How old can you go?
This month’s cover story brought me to Crescent Springs in Northern Kentucky. (Note to readers: Do NOT call Northern Kentucky “the Cincinnati area” to anyone who’s from there.) I’d been to the region a couple times before, most recently for an AAMP convention several years ago. This time, it was to visit the Rice family at Blue Grass Quality Meats and talk about the company’s long, long history.
I’ve talked to many people who were the second, third or occasionally fourth generation in their family to run the family business. I’ve always loved that aspect of the small and mid-sized meat processing industry. While there’s nothing wrong with having a president with no family ties to a company, there’s a special passion that comes from carrying on a family tradition. I always enjoy talking with processors about their family’s history, and their pride is obvious.
Blue Grass’ family tradition, though, dates back quite a bit farther than usual. The Rice family traces their history in the meat industry to 1867 — two years after the Civil War ended. The members of the family who run it now — brothers Paul and Steve and cousin Dan — are the fifth generation of the Rice family to produce processed meats in Northern Kentucky.
One room in the company’s headquarters is dedicated to the company’s past, and it’s a treasure trove of meat industry history. From some antique sausage making hand tools to walls covered in framed photos, it was a wonderful mini-museum dedicated to one of the oldest meat processing companies in the country.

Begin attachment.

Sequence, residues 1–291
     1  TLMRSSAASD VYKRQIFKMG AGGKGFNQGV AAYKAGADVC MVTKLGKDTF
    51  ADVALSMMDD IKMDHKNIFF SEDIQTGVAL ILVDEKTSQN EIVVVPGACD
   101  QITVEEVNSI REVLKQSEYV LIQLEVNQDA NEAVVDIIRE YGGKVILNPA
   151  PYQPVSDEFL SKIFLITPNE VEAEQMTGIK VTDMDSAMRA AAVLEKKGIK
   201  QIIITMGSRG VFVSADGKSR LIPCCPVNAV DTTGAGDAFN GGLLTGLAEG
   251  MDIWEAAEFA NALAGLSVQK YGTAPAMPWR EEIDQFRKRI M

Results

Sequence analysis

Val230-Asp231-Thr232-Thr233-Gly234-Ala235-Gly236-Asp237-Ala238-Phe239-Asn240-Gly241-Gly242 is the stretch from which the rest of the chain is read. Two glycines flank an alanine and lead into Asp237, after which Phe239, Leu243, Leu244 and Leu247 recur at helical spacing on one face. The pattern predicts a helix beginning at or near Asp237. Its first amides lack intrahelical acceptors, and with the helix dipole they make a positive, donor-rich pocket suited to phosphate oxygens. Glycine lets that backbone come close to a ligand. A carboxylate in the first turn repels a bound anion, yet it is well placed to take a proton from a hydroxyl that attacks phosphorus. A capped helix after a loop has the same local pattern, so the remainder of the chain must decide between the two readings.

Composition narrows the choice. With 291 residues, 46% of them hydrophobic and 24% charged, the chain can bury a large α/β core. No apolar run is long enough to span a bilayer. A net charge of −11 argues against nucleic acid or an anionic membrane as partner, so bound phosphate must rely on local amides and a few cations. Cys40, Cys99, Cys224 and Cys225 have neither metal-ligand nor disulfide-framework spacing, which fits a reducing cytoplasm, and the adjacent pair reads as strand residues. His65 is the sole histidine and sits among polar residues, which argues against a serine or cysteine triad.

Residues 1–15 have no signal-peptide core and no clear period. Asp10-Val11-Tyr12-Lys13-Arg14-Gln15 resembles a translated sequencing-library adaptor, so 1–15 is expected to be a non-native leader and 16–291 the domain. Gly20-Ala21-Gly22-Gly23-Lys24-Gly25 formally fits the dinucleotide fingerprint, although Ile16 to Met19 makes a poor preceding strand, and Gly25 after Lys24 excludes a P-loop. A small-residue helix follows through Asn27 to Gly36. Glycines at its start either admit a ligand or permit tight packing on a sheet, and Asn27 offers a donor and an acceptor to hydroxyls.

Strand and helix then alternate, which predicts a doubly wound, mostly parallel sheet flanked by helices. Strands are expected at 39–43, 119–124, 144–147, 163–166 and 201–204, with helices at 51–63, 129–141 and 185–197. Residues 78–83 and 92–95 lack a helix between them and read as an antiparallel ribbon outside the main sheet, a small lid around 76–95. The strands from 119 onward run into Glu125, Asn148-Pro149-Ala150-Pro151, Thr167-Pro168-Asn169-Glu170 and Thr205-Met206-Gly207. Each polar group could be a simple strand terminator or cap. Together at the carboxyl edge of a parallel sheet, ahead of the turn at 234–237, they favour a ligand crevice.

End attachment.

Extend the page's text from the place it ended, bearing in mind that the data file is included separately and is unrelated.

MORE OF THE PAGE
After the interview, I talked with the management team about the company, and just where it stood in the list of oldest family-owned meat processors. I’ve found some meat companies that date back to the 1830s, but they have gone through multiple owners. Are there any other meat processors in the country that have been run by the same family longer than Blue Grass?
Does your own company’s history extend to the fifth generation — or beyond? Can you trace your company history far back into the 1800s? If you have a long and storied family history in the meat industry, feel free to e-mail me at email@example.com and tell me about the secret to your family’s long success.